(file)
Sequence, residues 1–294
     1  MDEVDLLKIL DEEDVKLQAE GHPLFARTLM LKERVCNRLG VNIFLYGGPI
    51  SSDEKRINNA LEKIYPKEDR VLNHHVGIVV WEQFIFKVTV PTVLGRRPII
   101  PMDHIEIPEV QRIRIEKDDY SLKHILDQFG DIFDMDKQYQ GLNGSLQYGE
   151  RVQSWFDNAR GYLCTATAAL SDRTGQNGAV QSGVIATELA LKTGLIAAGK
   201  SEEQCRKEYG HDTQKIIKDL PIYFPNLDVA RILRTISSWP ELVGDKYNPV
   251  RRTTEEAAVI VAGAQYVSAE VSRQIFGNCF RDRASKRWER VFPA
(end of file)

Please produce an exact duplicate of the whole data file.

Sequence, residues 1–294
     1  MDEVDLLKIL DEEDVKLQAE GHPLFARTLM LKERVCNRLG VNIFLYGGPI
    51  SSDEKRINNA LEKIYPKEDR VLNHHVGIVV WEQFIFKVTV PTVLGRRPII
   101  PMDHIEIPEV QRIRIEKDDY SLKHILDQFG DIFDMDKQYQ GLNGSLQYGE
   151  RVQSWFDNAR GYLCTATAAL SDRTGQNGAV QSGVIATELA LKTGLIAAGK
   201  SEEQCRKEYG HDTQKIIKDL PIYFPNLDVA RILRTISSWP ELVGDKYNPV
   251  RRTTEEAAVI VAGAQYVSAE VSRQIFGNCF RDRASKRWER VFPA